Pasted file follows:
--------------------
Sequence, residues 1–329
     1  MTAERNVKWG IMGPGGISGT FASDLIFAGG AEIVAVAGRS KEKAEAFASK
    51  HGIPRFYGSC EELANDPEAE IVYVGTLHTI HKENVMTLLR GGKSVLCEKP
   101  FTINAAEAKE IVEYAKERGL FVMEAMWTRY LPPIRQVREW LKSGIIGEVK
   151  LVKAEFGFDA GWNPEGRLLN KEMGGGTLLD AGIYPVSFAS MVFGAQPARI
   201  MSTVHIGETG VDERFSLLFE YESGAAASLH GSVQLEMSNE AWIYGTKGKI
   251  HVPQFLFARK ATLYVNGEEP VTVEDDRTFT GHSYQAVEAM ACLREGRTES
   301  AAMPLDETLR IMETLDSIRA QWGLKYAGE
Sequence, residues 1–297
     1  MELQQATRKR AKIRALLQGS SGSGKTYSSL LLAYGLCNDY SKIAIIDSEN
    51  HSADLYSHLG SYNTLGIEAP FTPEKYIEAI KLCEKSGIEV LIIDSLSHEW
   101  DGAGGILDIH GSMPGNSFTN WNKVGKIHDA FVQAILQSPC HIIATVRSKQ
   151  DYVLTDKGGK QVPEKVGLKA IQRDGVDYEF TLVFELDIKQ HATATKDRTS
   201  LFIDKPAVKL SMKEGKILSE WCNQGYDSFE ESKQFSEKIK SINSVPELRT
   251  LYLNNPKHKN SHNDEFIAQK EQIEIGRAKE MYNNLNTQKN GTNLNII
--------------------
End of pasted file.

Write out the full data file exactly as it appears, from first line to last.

Sequence, residues 1–329
     1  MTAERNVKWG IMGPGGISGT FASDLIFAGG AEIVAVAGRS KEKAEAFASK
    51  HGIPRFYGSC EELANDPEAE IVYVGTLHTI HKENVMTLLR GGKSVLCEKP
   101  FTINAAEAKE IVEYAKERGL FVMEAMWTRY LPPIRQVREW LKSGIIGEVK
   151  LVKAEFGFDA GWNPEGRLLN KEMGGGTLLD AGIYPVSFAS MVFGAQPARI
   201  MSTVHIGETG VDERFSLLFE YESGAAASLH GSVQLEMSNE AWIYGTKGKI
   251  HVPQFLFARK ATLYVNGEEP VTVEDDRTFT GHSYQAVEAM ACLREGRTES
   301  AAMPLDETLR IMETLDSIRA QWGLKYAGE
Sequence, residues 1–297
     1  MELQQATRKR AKIRALLQGS SGSGKTYSSL LLAYGLCNDY SKIAIIDSEN
    51  HSADLYSHLG SYNTLGIEAP FTPEKYIEAI KLCEKSGIEV LIIDSLSHEW
   101  DGAGGILDIH GSMPGNSFTN WNKVGKIHDA FVQAILQSPC HIIATVRSKQ
   151  DYVLTDKGGK QVPEKVGLKA IQRDGVDYEF TLVFELDIKQ HATATKDRTS
   201  LFIDKPAVKL SMKEGKILSE WCNQGYDSFE ESKQFSEKIK SINSVPELRT
   251  LYLNNPKHKN SHNDEFIAQK EQIEIGRAKE MYNNLNTQKN GTNLNII